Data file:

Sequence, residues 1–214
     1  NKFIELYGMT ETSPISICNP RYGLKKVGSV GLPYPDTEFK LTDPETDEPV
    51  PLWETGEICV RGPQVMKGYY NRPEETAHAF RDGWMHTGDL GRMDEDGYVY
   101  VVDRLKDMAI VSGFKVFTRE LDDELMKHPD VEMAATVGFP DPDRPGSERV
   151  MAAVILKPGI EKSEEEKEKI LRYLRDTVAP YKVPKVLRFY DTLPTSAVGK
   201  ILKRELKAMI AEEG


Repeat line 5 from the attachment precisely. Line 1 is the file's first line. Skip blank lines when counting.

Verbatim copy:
   151  MAAVILKPGI EKSEEEKEKI LRYLRDTVAP YKVPKVLRFY DTLPTSAVGK